The following editorial was printed in our local paper today. I am including it, along with my reply below.
It was almost 10 o'clock last Wednesday night. I had sent my 5-year-old daughter to bed, with instructions to pick out a bedtime story. This particular night, I selfishly hoped she would doze off before I made it up the stairs. It had been a long day.
I got to work at 7ish, left at after 5, picked Kyla up from school soon after and prepped dinner, which I really hoped would be done before Bible class at 7. No such luck. So I put in a call to my sister in Hoover, Ala., to ask on what temperature I should leave the chicken, since it now was at least halfway cooked. She had more important things to discuss: My nieces, ages 13 and 11, at about 4 p.m. had come face-to-face with a child predator.
They and four friends were walking what would equate to a couple blocks to CVS Pharmacy. As they were leaving, a man was parked in a green Honda, near their apartment's playground. He asked if they wanted a ride; they declined. On the way home, most of the girls stopped to walk a friend to her apartment door; my oldest niece headed around the corner to her own apartment. The green Honda was still at the playground. The Hispanic man inside maneuvered the car in front of her and exposed himself. She screamed and ran; the other girls followed suit. After reporting the incident to the police, my sister found out at least one other incident had been reported with the same car and same description for the suspect. He had physically tried to abduct a girl — a high school freshman — just after the incident with my nieces.
I was appalled something like this would happen, in broad daylight. "I couldn't process it; I had to have them repeat it because I couldn't believe what they were saying," my sister, Givonne, said. After the shock wore off, she wanted find him, get his license plate number and get a good look at him. I could relate. I felt like driving to Alabama myself and hunting down the degenerate. But my nieces, I'm sure, were more traumatized than the two of us. "I'm OK," the 13-year-old said, not very convincingly. I tried to be encouraging; I'm pretty sure I failed miserably. What do you say? "I'm sorry you were confronted by a sick pervert, sweetheart."
I had to switch gears: Chicken. Bible class. We decided I would leave the chicken breasts in the oven on 200 degrees, while Kyla and I headed to Gregory Road Church of Christ. It was a good class, and, as usual, educational. But the thought of my niece being exposed to such a sicko plagued me.
News Monday a similar situation happened here in Columbus was enough to disturb me even more. Police still are investigating the case of a man who exposed himself to a child last Friday afternoon. The girl got off the school bus and saw a white male sitting in a blue 2003 Hyundai Accent with Alabama tags. The man told the child he had something he wanted to show her and beckoned her to the car. When she approached, he exposed himself to her. Columbus police have apprehended a suspect based on the car's license plate but have yet to verify whether or not he's the culprit.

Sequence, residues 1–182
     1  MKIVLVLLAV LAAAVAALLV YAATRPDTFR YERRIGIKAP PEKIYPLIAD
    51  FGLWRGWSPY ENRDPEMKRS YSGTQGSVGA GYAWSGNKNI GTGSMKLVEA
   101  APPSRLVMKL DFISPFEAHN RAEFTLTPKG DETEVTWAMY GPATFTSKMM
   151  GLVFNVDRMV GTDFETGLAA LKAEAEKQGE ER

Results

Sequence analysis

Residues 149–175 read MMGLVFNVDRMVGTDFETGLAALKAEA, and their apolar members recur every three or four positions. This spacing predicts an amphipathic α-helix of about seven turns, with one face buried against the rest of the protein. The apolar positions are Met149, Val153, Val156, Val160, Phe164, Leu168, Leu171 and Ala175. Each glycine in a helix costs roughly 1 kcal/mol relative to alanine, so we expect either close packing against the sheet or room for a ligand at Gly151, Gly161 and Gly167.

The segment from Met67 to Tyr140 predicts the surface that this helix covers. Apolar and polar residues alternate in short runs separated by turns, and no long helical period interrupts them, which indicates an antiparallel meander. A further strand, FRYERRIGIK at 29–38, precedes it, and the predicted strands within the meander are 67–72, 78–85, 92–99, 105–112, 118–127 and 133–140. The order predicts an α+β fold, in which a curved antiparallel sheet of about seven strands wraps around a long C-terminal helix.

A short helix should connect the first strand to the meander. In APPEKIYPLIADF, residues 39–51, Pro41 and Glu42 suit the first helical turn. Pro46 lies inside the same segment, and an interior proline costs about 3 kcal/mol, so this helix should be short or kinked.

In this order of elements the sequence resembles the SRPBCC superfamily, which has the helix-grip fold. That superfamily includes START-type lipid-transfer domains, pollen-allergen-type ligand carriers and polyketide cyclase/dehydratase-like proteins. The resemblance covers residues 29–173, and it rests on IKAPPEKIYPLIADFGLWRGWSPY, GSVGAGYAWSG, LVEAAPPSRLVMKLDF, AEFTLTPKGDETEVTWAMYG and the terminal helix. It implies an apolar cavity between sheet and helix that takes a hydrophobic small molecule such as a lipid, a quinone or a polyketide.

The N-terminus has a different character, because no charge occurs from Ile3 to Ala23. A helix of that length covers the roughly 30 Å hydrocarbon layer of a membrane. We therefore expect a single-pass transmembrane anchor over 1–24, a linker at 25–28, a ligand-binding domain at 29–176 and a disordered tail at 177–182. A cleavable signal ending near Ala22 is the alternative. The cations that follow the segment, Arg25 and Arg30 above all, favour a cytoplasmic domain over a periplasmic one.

I had berated my sister for letting my nieces walk, even in a large group, to the store alone. But this girl was getting off of a school bus, headed home. Kyla will start kindergarten in the fall, and I shudder to think of the possibility of something like this happening to her. My instincts say shield her from the ways of the world, quit my job and home school her even.
I won't. But there must be some median ground between hunkering down in a bomb shelter and being completely vulnerable to these kinds of deviants.
And, here is my response:
There is a middle ground.
First, as much as we might want to think that we can protect our children, the fact of the matter is that we cannot protect them from harm. Even further, in some cases, we shouldn't. What would happen if we kept our children from learning to walk because they might fall down and hurt themselves? Can we agree that it wouldn't be a good idea? Yes, they will fall down and get hurt, but the benefits of learning to walk usually outweigh the damage that might be done in a fall.
So, what do we do for our children? We don't overprotect, we teach. We teach our children that if you fall, you get back up. We teach them that they don't go anywhere with a stranger. We teach them to run away from situations that feel dangerous or uncomfortable to them. There are programs out that do a great job of teaching our children how to manage their own safety, if you want some help with what works and is appropriate.
What we don't do is lock our children up in our houses. To deprive them of the experiences that give them wisdom about the world and teach them to take care of themselves is to hinder them, not to mention how much harder it will be to keep them from being overweight if we never let them outside. At 13 and 11, your nieces are old enough to walk to the store alone. And, I would bet that after the shock of this incident has worn off, they will be even more aware of uncomfortable situations and more likely to avoid them altogether.
I don't mean to diminish the significance of being flashed, but they apparently handled it correctly. They walked away and told their mothers. The young woman in Columbus also told authorities. It's likely the perpetrators will be apprehended before they move past flashing into more dangerous attacks.
I think that's the best we can do. There's no way to prevent creeps from being creeps and we can't spend our lives hiding in fear, but if we teach our children to run away, give the authorities a good description and then we catch them, we have done the best we can. And, we will end up with strong, resilient children who walk with confidence.